LOS ANGELES — Jurors who entered the mysterious world of DNA evidence when they began hearing the case of ex-police detective Stephanie Lazarus resumed deliberations Wednesday on the allegation that she murdered a romantic rival 26 years ago.
The eight women and four men began their deliberations Tuesday afternoon following two days of intense final arguments.
The statements by prosecutors and defense attorneys came following more than three weeks of testimony in a case that lay dormant for years and was resurrected by the discovery of a bit of DNA taken from a bite mark on the arm of the slain woman.
In 1986, when Sherri Rasmussen was found bludgeoned and shot to death in her condominium, DNA had not entered the language of courts or the forensic tool box of prosecutors.
Without the scientific discovery, Lazarus might never have been arrested. Her attorney noted in closing arguments that other evidence such as blood, fibers, hair and fingerprints from the crime scene could not be linked to her.
"There are so many questions and so few answers," said defense attorney Mark Overland. He suggested to jurors that the DNA, the heart of the prosecution case, should not be trusted because it was poorly packaged and stored over the decades.
"I've done all that I could. See if you can answer all the questions," said Overland. "Stephanie Lazarus now is in your hands."
But a prosecutor argued that DNA was only part of the case against the once-respected policewoman.
"This case is a banquet of evidence and this is just one course," said Deputy District Attorney Shannon Presby. "This is not the only piece of evidence."
He pointed to bullets used in the crime that matched those issued to police officers – even though Lazarus' gun was never found. And Presby spoke of Lazarus' consuming obsession with John Ruetten, the man who married Rasmussen three months before she was killed. A broken heart, he said, was one of the elements of this crime.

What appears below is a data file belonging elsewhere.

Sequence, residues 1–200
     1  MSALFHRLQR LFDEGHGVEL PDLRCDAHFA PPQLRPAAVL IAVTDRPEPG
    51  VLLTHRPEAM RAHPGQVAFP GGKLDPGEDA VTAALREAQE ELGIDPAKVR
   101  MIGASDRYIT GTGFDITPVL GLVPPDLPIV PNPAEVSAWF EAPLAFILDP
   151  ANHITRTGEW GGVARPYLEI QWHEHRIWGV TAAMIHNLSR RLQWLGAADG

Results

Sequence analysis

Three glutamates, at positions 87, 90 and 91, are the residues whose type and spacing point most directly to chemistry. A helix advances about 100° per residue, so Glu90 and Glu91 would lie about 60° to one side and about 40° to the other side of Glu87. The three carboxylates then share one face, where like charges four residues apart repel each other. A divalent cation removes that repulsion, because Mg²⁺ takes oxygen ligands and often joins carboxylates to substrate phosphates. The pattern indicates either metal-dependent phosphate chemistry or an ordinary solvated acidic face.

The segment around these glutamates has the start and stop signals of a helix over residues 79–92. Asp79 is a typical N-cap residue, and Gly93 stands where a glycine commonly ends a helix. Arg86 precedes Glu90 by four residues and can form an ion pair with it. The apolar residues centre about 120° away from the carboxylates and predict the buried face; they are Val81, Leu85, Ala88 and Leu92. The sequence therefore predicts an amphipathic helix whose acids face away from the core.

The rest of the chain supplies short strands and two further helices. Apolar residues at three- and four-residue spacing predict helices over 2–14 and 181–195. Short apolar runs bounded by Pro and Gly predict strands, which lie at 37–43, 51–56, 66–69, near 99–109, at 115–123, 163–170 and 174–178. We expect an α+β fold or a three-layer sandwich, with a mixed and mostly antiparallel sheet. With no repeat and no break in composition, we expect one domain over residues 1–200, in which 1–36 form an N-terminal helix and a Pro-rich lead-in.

With a deathly pale Lazarus seated at the counsel table and her now white-haired ex-boyfriend in the courtroom audience, Presby showed a photo of the couple in their college days, dressed up for a party. Ruetten wears a flower in his lapel and both of them smile into the camera. Jurors also saw wedding pictures of Ruetten and Rasmussen.
Lazarus did not look at the courtroom screen where the photos were projected.
Presby ridiculed defense theories that Lazarus' DNA was planted in a test tube during the decades that it lay dormant in a freezer at the Los Angeles County Coroner's office.
"This is a ridiculous, farcical explanation," he said of claims of a DNA frame-up.
"What's the motive for framing Stephanie Lazarus? She was a police officer. She was liked by her family and friends."
He urged jurors to accept the theory that Lazarus' DNA wound up in a bite mark on the arm of the slain Rasmussen because "she bit Sherri when she attacked her."
Presby acknowledged the case is riddled with mysteries that may never be answered.
"What was the defendant thinking when she decided to go over there?" asked Presby.
"I don't know."
He argued that all questions don't need to be answered.
"It's not necessary to decide why the defendant went over there," Presby said. "It's interesting but it doesn't need to be answered."
He told jurors the only questions they must answer are whether Lazarus killed Rasmussen and "did she make a deliberate cold blooded decision to kill?"
At the time, Lazarus was a young police officer. By the time she was arrested in 2009, she had been promoted to detective, working in a unit that specializes in crimes involving art. She had married a fellow officer and adopted a daughter.
Presby, the last lawyer to speak, countered the original police theory that Rasmussen was killed by burglars.
"This was not a burglary," he said. "But the defendant did steal from Sherri. She stole every day from that day to this with all the joy and pain that Sherri would have experienced. Everything that makes up a life the defendant stole."